“It is true; we fight a lot. But a lot of laws are being passed,” he said.
“You’re not going to read about a lot of them for the same reason you don’t read about planes that land.”
He said one of the first laws he worked on was a suicide prevention bill that had bipartisan support.
“Unless you watch C-SPAN 24 hours a day, you’re not going to know that happened,” he said. “There’s a skewed view that we’re always fighting. But there are steps that are being taken and laws that are being passed to help the American people.”
He added that he also worked across the aisle when Congress stopped NSA’s practice of collecting phone records, and that it was passed thanks to the leadership of “liberal Democrats and conservative Republicans that came together and passed the law.”
Lieu and Wright both recognize that homelessness will be a leading issue in their district for the foreseeable future – for which Wright proposes an alternative solution. He has been consulting with activist Ted Hayes who presented to Wright the idea of creating homeless “townships.” They would be located at places like vacant Air Force bases and provide services for mental health, drug abuse and victims of crimes. Wright said it can be an alternative to plans that call to fund supportive or affordable housing with taxpayer money – which Wright said will enable homelessness and make the problem worse.
“The real solution here is you get them off the street,” he said, explaining that he would advocate for the government to designate approximately 20 acres “with a fence around it” to give homeless people an option.
“The street is not an option. We can’t enforce vagrancy laws only because there’s not other options available. If they have an option, we can enforce those laws,” Wright said, adding that he believes part of the key is to provide more structure for homeless people.
Lieu’s and Wright’s differences extend to their views on the Executive Branch. Lieu jumped on Hillary Clinton’s wagon early in her campaign, and he spoke at her Democratic National Convention in July.
Lieu took the opportunity on the national stage to warn the country against the candidate that Wright said he will vote for – Donald Trump.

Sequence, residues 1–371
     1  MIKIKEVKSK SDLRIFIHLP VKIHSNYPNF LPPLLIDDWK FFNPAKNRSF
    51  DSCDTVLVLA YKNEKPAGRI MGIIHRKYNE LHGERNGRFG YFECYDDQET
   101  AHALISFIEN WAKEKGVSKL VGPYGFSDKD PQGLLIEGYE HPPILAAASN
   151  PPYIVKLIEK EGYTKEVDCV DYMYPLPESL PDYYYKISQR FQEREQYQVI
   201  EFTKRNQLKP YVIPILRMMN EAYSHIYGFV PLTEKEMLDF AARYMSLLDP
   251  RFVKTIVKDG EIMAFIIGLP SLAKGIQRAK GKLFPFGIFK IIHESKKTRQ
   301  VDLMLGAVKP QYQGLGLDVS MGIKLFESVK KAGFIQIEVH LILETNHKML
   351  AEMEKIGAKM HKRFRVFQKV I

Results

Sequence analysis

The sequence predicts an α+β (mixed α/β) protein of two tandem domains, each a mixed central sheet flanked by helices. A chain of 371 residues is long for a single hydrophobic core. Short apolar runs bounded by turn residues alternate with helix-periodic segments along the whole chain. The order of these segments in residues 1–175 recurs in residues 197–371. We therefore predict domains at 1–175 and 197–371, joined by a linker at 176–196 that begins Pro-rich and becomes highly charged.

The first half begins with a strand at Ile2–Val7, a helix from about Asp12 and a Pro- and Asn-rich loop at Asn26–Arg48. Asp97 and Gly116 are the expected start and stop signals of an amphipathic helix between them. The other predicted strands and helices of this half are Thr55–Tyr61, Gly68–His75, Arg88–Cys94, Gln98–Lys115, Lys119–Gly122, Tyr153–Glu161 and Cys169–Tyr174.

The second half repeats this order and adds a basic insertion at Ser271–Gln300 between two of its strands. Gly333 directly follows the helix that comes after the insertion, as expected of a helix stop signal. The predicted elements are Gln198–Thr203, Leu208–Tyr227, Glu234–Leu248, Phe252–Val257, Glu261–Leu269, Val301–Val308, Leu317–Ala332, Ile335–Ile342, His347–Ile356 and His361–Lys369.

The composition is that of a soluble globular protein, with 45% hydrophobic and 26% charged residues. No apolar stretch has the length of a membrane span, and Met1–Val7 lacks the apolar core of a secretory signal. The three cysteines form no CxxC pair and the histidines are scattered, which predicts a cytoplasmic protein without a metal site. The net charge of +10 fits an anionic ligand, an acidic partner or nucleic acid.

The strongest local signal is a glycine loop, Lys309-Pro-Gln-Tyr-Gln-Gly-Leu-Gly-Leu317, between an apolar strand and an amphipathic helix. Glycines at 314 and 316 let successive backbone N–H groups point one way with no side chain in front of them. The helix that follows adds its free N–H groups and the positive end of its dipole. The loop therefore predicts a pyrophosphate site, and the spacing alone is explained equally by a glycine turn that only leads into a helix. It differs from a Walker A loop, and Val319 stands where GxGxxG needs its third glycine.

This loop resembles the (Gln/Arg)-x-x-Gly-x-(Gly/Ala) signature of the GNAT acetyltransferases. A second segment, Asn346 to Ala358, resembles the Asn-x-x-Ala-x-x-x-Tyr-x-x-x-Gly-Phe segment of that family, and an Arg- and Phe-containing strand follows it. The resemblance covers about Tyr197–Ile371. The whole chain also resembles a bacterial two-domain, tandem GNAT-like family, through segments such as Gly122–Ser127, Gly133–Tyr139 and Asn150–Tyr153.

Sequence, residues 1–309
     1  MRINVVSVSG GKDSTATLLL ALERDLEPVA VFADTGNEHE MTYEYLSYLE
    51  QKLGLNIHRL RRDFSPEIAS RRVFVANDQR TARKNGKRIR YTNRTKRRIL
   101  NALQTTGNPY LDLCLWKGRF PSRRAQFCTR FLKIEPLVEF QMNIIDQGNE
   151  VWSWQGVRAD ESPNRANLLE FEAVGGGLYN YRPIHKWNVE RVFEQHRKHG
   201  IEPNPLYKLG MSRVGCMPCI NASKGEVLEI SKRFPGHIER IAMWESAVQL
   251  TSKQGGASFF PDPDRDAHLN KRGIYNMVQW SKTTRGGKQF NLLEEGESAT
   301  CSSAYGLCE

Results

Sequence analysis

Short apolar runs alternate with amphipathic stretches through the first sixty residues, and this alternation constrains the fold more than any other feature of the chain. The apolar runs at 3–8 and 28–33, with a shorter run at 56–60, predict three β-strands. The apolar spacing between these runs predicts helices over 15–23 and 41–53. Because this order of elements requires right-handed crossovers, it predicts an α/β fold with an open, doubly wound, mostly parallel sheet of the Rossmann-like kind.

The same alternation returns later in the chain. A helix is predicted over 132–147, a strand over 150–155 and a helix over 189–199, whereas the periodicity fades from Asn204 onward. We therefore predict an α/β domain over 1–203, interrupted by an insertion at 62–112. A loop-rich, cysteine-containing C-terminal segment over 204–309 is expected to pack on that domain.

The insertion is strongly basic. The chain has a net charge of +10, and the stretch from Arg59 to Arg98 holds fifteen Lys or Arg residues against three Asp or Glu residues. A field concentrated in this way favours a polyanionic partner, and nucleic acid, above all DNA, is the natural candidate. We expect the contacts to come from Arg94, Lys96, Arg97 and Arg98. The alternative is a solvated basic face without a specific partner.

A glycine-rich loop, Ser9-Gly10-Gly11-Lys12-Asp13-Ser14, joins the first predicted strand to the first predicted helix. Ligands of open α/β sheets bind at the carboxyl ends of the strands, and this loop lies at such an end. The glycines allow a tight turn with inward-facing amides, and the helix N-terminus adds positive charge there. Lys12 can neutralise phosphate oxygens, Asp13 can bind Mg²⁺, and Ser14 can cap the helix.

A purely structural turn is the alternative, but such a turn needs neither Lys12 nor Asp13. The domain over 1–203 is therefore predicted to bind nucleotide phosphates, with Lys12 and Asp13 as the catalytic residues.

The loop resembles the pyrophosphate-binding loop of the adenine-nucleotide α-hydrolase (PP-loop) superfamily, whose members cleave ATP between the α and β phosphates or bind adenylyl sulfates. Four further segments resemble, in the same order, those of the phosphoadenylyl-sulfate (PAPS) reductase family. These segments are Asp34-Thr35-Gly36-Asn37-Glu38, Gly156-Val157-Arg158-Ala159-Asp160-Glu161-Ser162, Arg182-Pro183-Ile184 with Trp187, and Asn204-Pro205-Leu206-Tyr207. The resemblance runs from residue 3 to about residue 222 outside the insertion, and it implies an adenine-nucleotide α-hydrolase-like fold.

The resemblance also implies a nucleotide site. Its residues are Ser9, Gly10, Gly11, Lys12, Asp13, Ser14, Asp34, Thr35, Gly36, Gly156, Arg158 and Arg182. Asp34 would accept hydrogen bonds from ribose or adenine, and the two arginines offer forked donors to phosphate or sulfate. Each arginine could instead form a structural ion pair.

While Lieu has continued to criticize Trump in the time since the convention, Wright said he knows he is one of the few Republicans left in the state who will stand for Trump.
Lieu added that he believes the presidential election will directly affect Congress.
“The presidential election cycle has, in a way, made Congress seem sane and normal,” he said. “We will have a new Congress after the election. There will be more Democrats … It remains to be seen whether the House or Senate will change to give Democrats a majority. But there will be a different makeup in Congress.”
Lieu doesn’t expect to see Wright sitting in his seat when the 2017 session begins, and neither does Wright. But the challenger said his campaign has gone well.
“People have been so nice. It’s been great. I never knew running for office would be so much fun,” he said.
If elected, Wright would advocate for programs and measures that would significantly ramp up manufacturing on U.S. soil to help ignite the economy and secure jobs. Because of how much America depends on other countries to supply goods, he said he will work to reverse the trend.
“We’re buying everything from other countries – countries that use slave labor and pollute the Earth or don’t have any qualms about spewing chemicals into rivers. So how can you compete with China (or other countries with weaker regulations)?” he asked.
Wright ties trade closely with the country’s issues concerning its deficits and budget. Wright said not enough is being done to challenge representatives to act fiscally responsible.
“How can you spend more than you bring in and sustain an economy?” he asked. “We have to redo trade agreements. We need to do the one thing everyone is afraid to say that we need to do – set tariffs, and take that money and pay back the debt.”
Wright said he can offer something that Lieu can’t – the fact that he is not a “career politician.”
“[Big donors] do not give candidates money for nothing,” Wright said. “We need someone looking out for the safety of America, not special interests. We need to get citizens in there.”
Wright also runs a clinic for underprivileged children where patients pay minimum amounts to help fund the staff, or almost nothing if they don’t have insurance.